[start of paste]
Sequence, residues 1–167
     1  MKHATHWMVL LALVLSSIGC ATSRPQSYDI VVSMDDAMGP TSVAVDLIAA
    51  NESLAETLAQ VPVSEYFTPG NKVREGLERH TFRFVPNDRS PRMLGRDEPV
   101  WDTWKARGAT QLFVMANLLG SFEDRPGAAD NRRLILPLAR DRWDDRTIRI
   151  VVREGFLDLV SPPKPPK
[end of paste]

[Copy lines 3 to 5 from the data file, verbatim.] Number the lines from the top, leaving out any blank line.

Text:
    51  NESLAETLAQ VPVSEYFTPG NKVREGLERH TFRFVPNDRS PRMLGRDEPV
   101  WDTWKARGAT QLFVMANLLG SFEDRPGAAD NRRLILPLAR DRWDDRTIRI
   151  VVREGFLDLV SPPKPPK